Abortion rights advocates filed a lawsuit in an Iowa district court Tuesday seeking to block Iowa’s newest abortion law — known as “the heartbeat bill” — which bans most abortions at about the sixth week of pregnancy, before many women know they are pregnant. The law is among the most restrictive abortion bans in the country.

The Iowa law is part of a flurry of legislation that aims to test the legality of abortion restrictions, as some Republicans want legal challenges to the laws to reach the U.S. Supreme Court in an effort to overturn its landmark 1973 Roe v. Wade ruling. In Mississippi this year, GOP lawmakers passed a 15-week abortion ban that was signed by Mississippi’s Republican governor, but the law was quickly put on hold after a court challenge.

Iowa’s “heartbeat bill” was passed by the Iowa House, 51 to 46, and the state Senate passed the bill 29 to 17 in early May, sending it to Gov. Kim Reynolds (R), who has said abortion is “equivalent to murder.” The law would ban abortions as soon as embryonic cardiac activity is detected, which is usually at about six weeks, the same time women typically begin to feel the first signs of pregnancy.

State Rep. Shannon Lundgren (R), while speaking on the House floor, called the bill “a courageous step” that sends the message that Iowa “will defend its most vulnerable, those without a voice — our unborn children.”

The ACLU of Iowa, the Planned Parenthood Federation of America and the Emma Goldman Clinic of Iowa City are plaintiffs in the lawsuit challenging Iowa’s ban; the case was filed in Polk County District Court.

Almost immediately after the lawsuit was filed, the state’s attorney general said he would not defend the new law. Democrat Tom Miller said he based his decision on a belief that the measure “would undermine rights and protections for women,” the Associated Press reported.

Unless blocked, the Iowa law would go into effect July 1.

The lawsuit names Reynolds and the Iowa Board of Medicine as defendants. Reynolds signed Iowa’s ban earlier this month and said at a public event in Davenport that she felt “very confident in moving forward with it.”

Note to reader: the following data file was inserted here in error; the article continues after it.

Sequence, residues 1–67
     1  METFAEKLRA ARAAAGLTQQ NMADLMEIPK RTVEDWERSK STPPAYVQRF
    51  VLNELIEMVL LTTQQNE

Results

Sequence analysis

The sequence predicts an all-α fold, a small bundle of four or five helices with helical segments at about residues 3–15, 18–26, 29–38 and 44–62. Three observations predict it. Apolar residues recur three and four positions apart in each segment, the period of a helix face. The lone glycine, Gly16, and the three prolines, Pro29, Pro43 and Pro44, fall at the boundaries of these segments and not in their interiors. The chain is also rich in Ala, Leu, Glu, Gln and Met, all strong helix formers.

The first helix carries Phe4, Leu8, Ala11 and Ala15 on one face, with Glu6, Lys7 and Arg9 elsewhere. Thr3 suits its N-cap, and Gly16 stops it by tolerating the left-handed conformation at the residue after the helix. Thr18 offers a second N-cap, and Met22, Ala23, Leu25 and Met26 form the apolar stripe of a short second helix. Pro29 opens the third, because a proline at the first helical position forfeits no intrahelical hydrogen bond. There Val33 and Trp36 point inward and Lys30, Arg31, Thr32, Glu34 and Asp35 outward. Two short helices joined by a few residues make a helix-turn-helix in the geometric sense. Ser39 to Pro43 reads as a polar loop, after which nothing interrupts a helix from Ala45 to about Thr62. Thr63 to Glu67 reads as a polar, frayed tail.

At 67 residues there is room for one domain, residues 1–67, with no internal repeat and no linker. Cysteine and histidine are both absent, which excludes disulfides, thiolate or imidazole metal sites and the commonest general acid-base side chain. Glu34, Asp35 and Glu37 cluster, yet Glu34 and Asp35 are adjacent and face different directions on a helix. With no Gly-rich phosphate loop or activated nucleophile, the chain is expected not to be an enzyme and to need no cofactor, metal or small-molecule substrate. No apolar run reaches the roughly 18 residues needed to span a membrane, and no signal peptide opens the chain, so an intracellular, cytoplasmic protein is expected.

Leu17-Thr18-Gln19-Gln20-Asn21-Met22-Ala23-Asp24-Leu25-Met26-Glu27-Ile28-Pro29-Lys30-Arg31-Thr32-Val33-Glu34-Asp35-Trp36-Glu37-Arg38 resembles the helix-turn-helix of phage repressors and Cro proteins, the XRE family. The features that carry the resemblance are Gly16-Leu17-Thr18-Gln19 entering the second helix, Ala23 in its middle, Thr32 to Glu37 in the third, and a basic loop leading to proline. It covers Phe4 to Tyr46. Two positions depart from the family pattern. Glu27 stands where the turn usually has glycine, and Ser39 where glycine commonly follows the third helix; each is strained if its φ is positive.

If the ban takes effect, Iowa women would have to travel out of state to obtain an abortion after a fetal heartbeat is detected. Abortion rights advocates say those who don’t have the resources to leave Iowa will be forced to carry an unwanted pregnancy to term, or in some cases will attempt to self-induce, a sometimes-dangerous act.

“This abortion ban is beyond extreme,” said Rita Bettis, legal director of the ACLU of Iowa. “With it, Iowa politicians have tried to ban virtually all abortions for women in our state. In the 45 years since Roe, no federal or state court has upheld such a dangerous law.”

Jill Meadows, medical director of Planned Parenthood of the Heartland and a co-plaintiff in the lawsuit, said it is important that the law not go into effect: “Abortion care must remain safe and legal as an important part of basic reproductive health care.”

The law allows for some exceptions, including in the case of a “medical emergency,” such as conditions that are life-threatening or pose “a serious risk of substantial and irreversible impairment of a major bodily function.” There is an exception for rape and incest, which requires women to report the crime to law enforcement or certain medical professionals within 45 days.

Doctors who violate the law would lose their licenses. The law does not allow a woman to access an abortion because of “psychological conditions, emotional conditions, familial conditions, or the woman’s age.”

Francine Thompson, co-director of the Emma Goldman Clinic in Iowa City, said the law would have a devastating impact on the women her clinic sees every day.

“The cutoff period of this bill at around six weeks simply does not work for women. The timing essentially makes it an almost-complete ban on abortions in our state,” Thompson said in a written statement. “It’s also important to note that the exceptions in the law are essentially non-exceptions. The requirement of reporting rape within 45 days, for example, is completely out of touch with the reality that survivors of those horrendous crimes live with.”